The Multiple Myeloma Research Foundation (MMRF) was established in 1998 as a 501(c)3 non-profit organization by twin sisters Karen Andrews and Kathy Giusti, soon after Kathy's diagnosis with multiple myeloma. The mission of the MMRF is to relentlessly pursue innovative means that accelerate the development of next-generation multiple myeloma treatments to extend the lives of patients and lead to a cure. As the world's number-one private funder of multiple myeloma research, the MMRF has raised over $130 million since its inception to fund nearly 100 laboratories worldwide. An outstanding 93% of funds raised go toward research and related programming. The MMRF has supported 40 new compounds and approaches in clinical trials and pre-clinical studies and has facilitated 24 clinical trials through its sister organization, the Multiple Myeloma Research Consortium (MMRC). For more information about the MMRF, visit www.themmrf.org.
About the Multiple Myeloma Research Consortium (MMRC)
The Multiple Myeloma Research Consortium (MMRC) is a 509(a)3 non-profit organization that integrates leading academic institutions to accelerate drug development in multiple myeloma. It is led from MMRC offices in Norwalk, Conn., and comprises 13 member institutions: City of Hope, Dana-Farber Cancer Institute, Emory University's Winship Cancer Institute, the Cancer Center at Hackensack University Medical Center, H. Lee Moffitt Cancer Center & Research Institute, Mayo Clinic, Ohio State University, St. Vincent's Comprehensive Cancer Center of Saint Vincent Catholic Medical Centers of New York, University Health Network (Princess Margaret Hospital), University of Chicago, University of Michigan, University of California, San Francisco, and Washington University in St. Louis.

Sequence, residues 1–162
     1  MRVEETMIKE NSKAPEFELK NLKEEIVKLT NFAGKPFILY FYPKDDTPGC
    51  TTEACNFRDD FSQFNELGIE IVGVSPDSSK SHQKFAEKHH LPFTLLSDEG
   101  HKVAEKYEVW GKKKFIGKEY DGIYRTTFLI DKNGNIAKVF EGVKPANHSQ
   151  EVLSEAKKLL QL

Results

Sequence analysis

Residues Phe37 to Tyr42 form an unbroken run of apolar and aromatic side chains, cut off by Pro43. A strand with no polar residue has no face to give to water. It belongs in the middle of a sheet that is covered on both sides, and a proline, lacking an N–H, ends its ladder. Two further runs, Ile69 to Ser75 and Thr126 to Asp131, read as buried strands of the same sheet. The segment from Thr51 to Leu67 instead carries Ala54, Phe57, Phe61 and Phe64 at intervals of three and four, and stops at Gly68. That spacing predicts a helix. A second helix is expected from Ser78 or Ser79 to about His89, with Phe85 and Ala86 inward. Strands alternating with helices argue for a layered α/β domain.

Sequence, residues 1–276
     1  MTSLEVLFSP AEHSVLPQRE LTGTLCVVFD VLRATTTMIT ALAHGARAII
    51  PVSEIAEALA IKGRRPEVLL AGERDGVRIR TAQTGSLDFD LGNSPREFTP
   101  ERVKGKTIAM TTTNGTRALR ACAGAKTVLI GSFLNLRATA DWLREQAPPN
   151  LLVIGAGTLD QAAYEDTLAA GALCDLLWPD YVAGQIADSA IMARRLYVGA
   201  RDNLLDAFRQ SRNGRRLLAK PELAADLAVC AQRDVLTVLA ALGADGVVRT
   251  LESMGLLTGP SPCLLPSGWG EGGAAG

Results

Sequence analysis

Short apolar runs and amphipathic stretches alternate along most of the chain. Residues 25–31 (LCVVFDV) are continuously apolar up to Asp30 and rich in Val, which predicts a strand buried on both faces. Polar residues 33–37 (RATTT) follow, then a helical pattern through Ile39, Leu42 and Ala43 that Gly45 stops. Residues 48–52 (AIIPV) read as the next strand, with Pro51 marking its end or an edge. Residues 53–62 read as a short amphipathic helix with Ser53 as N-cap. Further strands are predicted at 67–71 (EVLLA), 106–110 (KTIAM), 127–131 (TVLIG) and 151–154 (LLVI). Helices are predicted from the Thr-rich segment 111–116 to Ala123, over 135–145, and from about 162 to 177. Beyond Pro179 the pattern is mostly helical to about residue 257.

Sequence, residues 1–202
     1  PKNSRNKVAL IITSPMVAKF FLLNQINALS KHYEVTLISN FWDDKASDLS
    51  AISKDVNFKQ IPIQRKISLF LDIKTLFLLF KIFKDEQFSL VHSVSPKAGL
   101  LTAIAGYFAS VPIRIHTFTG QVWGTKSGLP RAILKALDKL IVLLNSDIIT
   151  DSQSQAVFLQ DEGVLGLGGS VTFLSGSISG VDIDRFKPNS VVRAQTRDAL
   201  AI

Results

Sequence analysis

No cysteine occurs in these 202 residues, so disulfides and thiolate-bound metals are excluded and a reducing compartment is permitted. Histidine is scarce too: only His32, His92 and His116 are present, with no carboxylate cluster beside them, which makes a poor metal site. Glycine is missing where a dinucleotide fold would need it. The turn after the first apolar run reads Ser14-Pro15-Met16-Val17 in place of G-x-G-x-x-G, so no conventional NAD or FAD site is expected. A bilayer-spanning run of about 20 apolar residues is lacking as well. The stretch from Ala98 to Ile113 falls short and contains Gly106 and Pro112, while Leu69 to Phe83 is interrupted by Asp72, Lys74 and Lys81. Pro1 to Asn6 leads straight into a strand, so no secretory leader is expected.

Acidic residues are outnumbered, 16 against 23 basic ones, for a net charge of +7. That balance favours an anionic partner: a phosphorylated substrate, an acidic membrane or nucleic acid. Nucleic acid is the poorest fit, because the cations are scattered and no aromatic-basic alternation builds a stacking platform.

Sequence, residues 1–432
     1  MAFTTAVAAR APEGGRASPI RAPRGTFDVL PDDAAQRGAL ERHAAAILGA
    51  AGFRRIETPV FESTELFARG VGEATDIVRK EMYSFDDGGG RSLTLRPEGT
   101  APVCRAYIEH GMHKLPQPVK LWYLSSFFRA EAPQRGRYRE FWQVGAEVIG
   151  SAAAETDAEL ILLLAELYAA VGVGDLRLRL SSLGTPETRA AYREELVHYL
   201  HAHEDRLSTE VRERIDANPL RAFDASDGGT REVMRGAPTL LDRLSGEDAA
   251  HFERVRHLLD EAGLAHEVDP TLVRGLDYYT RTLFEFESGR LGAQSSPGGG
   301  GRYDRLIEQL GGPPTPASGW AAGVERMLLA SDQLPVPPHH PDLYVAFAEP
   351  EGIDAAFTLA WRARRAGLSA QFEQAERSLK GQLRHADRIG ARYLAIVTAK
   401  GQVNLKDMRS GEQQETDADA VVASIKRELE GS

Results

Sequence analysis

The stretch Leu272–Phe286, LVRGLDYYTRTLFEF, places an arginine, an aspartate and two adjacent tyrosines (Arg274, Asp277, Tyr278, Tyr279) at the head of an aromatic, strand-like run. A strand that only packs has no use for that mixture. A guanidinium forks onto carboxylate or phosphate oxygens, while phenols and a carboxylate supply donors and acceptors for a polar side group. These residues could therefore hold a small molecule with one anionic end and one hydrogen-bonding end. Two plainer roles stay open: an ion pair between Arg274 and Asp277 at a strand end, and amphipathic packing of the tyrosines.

The MMRC was founded in 2004 by Kathy Giusti, a myeloma patient, and with the help of the scientific community. The MMRC is a sister organization to the Multiple Myeloma Research Foundation (MMRF), the world's leading funder of multiple myeloma research. The MMRC is widely recognized as an optimal research model to rapidly address critical challenges in drug development and to explore opportunities in the today's most promising research areas in genomics, compound validation, and clinical trials. The MMRC is the only consortium to join academic institutions through membership agreements, customized IT systems, and an integrated tissue bank. For more information, please visit http://www.themmrc.org.